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Re: starship-design: FTL travel

In a message dated 4/17/00 2:40:49 AM, bfranchuk@jetnet.ab.ca writes:

>KellySt@aol.com wrote:
>> I realize.  the segments aremore effocent, but that doesn't mean cheaper
>> more relyable.  Energy or fuel costs to orbit are  trivial, its only
>> operating costs and relyability that are significant.  This system is
>> complex, and therefore likly to be less relyable or cheap to operate.
>I don't know, as I have not built it, nor have the skill to build it
>or a regular SSTO craft, to find out. Unless you have a craft that
>is about the size of small aircraft that runs say 3 times a day 7 days
>a week, what ever design SSTO or TSTO, payload prices will not drop.

Oh givern the curent $10,000 a pound launch costs its pretty trivial to get 
90% cost reductions even with only the current launch rates.  99% reductins 
with reasonable rate increase is pretty doable.  Assuming you can get the 
customers and reasonably intrest rates.

>This is a neat paper on really cheap space access, and gives some
>facts on projected launch costs. With a projected cost of about $60/kg
>for basic space access costs (fuel,operating costs),the price jumps to
>$600/kg for insurance, launch and profit margin for 4 fights a
>week.(300kg payload). 

I'll have to check it out.

>Fuel costs on the shuttle is about $90/kg, so where does the remaining
>$19910 goes?

It takes 4,000 technicians about 3 months of heavy work to prep a shuttle for 
launch.  Labor and support costs about $200 million per flight.  Drop tank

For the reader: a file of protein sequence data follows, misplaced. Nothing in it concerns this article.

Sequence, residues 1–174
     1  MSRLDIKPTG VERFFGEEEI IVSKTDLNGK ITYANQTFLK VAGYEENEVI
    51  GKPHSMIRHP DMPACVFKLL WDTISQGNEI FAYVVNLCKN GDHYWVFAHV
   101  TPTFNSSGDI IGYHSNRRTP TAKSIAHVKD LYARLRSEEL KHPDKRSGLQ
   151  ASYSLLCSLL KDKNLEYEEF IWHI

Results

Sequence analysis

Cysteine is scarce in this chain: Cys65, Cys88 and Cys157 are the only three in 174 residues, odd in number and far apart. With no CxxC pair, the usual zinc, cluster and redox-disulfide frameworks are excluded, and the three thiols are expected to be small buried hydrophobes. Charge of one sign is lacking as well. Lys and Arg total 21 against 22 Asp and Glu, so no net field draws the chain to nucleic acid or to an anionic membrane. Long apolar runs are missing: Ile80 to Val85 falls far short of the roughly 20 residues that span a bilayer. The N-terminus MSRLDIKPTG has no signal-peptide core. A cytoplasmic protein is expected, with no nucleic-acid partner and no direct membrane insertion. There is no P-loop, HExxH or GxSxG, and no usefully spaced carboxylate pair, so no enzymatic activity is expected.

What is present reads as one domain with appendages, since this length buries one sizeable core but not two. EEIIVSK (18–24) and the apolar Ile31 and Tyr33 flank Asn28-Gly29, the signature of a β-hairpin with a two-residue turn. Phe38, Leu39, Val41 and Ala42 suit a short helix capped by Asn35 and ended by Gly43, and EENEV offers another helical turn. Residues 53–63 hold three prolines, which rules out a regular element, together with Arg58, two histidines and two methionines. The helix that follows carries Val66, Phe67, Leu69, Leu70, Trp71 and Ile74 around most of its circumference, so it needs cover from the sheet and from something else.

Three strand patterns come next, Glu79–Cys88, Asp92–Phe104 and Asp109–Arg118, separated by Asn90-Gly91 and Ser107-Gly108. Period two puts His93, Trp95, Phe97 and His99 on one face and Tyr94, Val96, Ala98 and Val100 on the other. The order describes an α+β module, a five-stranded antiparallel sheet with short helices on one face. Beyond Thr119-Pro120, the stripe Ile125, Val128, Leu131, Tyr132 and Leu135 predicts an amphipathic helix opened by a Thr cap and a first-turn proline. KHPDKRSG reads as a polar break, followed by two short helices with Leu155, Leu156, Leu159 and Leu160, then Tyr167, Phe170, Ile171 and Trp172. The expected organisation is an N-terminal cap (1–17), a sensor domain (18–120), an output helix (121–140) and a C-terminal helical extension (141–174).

costs about $60 million.  A bit more to integrate the cargo.  And assuming 
you don't need to much replacement parts - your up to $300 million before you 
do the launch and pay the mission and launch control peoples payrolls.

$300,000,000  divided amoung 40,000 pounds of cargo is $7500 per pound 
already.  Add in other expenses, or need to take longer to prep the shuttle 
for some reason, and you get up to or above$10 K per pound.

>Even greater losses are with the larger designs. While this
>does prove your point, it is something I think there is a large room for

Can't follow this?

>Guessing that CH4/O2 costs about the same as O2 / kerosene ( $35/kg )
>we need to pick a realistic figure for costs. Say $150/kg... and a
>of 300kg with a unmanned craft. Assuming a 40:1 ratio that is 12 ton
>regardless of being SSTO or TSTO. That is too small to deliver nuclear
>war heads for the military, put man into space for NASA, or deliver
>for Communications,but is the right size to build things in space,
>it is the size ordinary people can still grasp and use.

Hate to tell you but in space you can lift and move tons by hand, and its 
very expensive and dangerous to break down large thinks into many small parts 
for on site assembly.